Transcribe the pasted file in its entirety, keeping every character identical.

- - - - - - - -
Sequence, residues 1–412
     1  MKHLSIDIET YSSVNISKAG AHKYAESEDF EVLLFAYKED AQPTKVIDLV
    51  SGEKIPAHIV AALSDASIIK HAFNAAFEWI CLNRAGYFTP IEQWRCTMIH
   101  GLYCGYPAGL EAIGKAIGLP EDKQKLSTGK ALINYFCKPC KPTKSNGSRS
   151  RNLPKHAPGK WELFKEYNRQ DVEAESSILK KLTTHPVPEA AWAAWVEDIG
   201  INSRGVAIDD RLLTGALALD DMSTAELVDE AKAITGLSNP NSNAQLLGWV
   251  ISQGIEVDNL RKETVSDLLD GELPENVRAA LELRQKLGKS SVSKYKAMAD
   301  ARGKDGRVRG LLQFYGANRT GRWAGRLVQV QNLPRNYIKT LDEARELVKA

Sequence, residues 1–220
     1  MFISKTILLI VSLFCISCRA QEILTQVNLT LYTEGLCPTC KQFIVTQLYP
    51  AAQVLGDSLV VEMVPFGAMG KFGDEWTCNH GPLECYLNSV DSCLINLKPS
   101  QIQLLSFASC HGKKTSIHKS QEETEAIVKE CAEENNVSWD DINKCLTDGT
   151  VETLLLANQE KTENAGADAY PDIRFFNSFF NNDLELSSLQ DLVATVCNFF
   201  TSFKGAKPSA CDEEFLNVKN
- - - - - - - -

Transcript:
Sequence, residues 1–412
     1  MKHLSIDIET YSSVNISKAG AHKYAESEDF EVLLFAYKED AQPTKVIDLV
    51  SGEKIPAHIV AALSDASIIK HAFNAAFEWI CLNRAGYFTP IEQWRCTMIH
   101  GLYCGYPAGL EAIGKAIGLP EDKQKLSTGK ALINYFCKPC KPTKSNGSRS
   151  RNLPKHAPGK WELFKEYNRQ DVEAESSILK KLTTHPVPEA AWAAWVEDIG
   201  INSRGVAIDD RLLTGALALD DMSTAELVDE AKAITGLSNP NSNAQLLGWV
   251  ISQGIEVDNL RKETVSDLLD GELPENVRAA LELRQKLGKS SVSKYKAMAD
   301  ARGKDGRVRG LLQFYGANRT GRWAGRLVQV QNLPRNYIKT LDEARELVKA

Sequence, residues 1–220
     1  MFISKTILLI VSLFCISCRA QEILTQVNLT LYTEGLCPTC KQFIVTQLYP
    51  AAQVLGDSLV VEMVPFGAMG KFGDEWTCNH GPLECYLNSV DSCLINLKPS
   101  QIQLLSFASC HGKKTSIHKS QEETEAIVKE CAEENNVSWD DINKCLTDGT
   151  VETLLLANQE KTENAGADAY PDIRFFNSFF NNDLELSSLQ DLVATVCNFF
   201  TSFKGAKPSA CDEEFLNVKN